The age of digital transformation is here and one of the most critical areas to focus on, and the topic of today’s blog, is the governance of information technology (IT).
According to Principle 12 of The King IV Code on Corporate Governance:
“The governing body should govern technology and information in a way that supports the organization setting and achieving its strategic objectives.”
Essentially, IT governance refers to the set of processes and structures put in place to ensure the most efficient and effective use of information technology to achieve strategies, goals and objectives. It plays a vital role in numerous organisational aspects, including security and privacy, integrity, accountability, risk management, accurate reporting, and business continuity.
The governing body is tasked with the responsibility of overseeing IT governance, ensuring that it results in, but is not limited to, the following:
- Integration of people, information, technology and processes within the organisation.
- Integration of information technology risks into organisational risk management.
- Providing assistance regarding business resilience.
- Active and thorough monitoring of intelligence and data in order to swiftly respond to incidents such as unfavourable media events and cyberattacks.
- Management of the performance of third party and outsource service providers and the risks pertaining to them.
- Assessments of notable investments in information technology and the value derived from them, including the evaluation of projects of significant operational expenditure.
- Disposal of obsolete information technology in a safe, secure and responsible manner.
- Responsible and ethical use of information technology.
- Compliance with relevant laws.
Additional responsibilities of the governing body include the leveraging of information to sustain and increase the organisation’s capital. Processes need to be set in place to support integrity, confidentiality, accountability and the availability of information – including the protection of privacy and personal information and the continuous monitoring of information and security. The governing body also needs to have structures in place to achieve operational and strategic objectives, including managing risks pertaining to the sourcing of technology. Monitoring and appropriate responses to technological developments must be established, including recognising and acting on potential opportunities and managing disruptive effects on the organisation.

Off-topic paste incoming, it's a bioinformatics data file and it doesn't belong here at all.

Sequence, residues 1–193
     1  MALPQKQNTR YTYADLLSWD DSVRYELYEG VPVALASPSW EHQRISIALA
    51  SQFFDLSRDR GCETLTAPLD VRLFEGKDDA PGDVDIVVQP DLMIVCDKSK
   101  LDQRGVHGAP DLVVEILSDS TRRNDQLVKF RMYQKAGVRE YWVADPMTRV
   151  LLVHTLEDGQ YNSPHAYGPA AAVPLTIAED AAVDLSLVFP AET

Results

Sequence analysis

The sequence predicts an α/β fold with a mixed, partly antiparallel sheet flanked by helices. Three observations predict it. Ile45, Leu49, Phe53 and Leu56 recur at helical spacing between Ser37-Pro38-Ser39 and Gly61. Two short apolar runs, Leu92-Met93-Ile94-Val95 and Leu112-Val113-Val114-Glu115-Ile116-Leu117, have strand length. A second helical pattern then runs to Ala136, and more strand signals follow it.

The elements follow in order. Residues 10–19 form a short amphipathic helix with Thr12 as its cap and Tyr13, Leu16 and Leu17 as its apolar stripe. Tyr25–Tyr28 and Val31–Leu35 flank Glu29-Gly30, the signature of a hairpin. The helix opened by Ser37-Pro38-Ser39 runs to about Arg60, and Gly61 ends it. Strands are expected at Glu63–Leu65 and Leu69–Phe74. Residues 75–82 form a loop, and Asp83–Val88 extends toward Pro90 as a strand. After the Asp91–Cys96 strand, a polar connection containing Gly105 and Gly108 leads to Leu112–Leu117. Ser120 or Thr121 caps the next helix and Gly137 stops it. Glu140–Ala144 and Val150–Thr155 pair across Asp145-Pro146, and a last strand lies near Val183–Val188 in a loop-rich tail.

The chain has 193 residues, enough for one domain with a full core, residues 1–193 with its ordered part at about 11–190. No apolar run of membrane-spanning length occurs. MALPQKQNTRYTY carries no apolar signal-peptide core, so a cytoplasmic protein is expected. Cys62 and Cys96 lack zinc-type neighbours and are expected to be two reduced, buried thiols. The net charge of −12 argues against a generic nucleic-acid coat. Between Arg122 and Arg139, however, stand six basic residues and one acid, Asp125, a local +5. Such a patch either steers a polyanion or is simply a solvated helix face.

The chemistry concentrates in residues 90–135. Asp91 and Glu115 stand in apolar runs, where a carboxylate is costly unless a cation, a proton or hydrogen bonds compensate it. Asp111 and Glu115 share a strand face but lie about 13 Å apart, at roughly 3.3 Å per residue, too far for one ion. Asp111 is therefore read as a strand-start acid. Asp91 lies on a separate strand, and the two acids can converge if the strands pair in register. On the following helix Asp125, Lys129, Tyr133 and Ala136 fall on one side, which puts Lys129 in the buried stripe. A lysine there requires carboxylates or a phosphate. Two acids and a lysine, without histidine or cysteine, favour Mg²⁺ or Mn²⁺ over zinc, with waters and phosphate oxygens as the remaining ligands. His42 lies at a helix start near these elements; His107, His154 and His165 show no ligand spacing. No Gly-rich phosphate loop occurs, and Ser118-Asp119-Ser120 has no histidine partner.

In order to monitor effective control and management pertaining to IT, the governing body should disclose the following information:
- The key areas of focus to report on, including all objectives, policy changes, noteworthy acquisitions and actions taken in terms of major incidents.
- An overview of the arrangements established in order to govern and manage information technology.
- Actions taken to monitor the effectiveness of information technology management, including how outcomes are addressed.
- Planned areas of focus in information technology.
Organisations and businesses need a structure or framework to ensure that the IT function can sustain the organisation’s strategies and objectives.
The goal of frameworks is to prescribe IT processes and the means of managing these processes. This is achieved by the inputs and outputs along with key process activities, performance measures, and process objectives to ensure that the IT systems are delivering business value.
IT governance has become a key imperative for organisations. As such, each organisation is unique and may need to take different approaches to ensure an effective and efficient infrastructure that will aid your specific needs.
At Okina Company Secretarial Services, we can help you establish the correct structures and processes to achieve your unique organisational goals, reduce risks and stimulate growth. Contact us at email@example.com.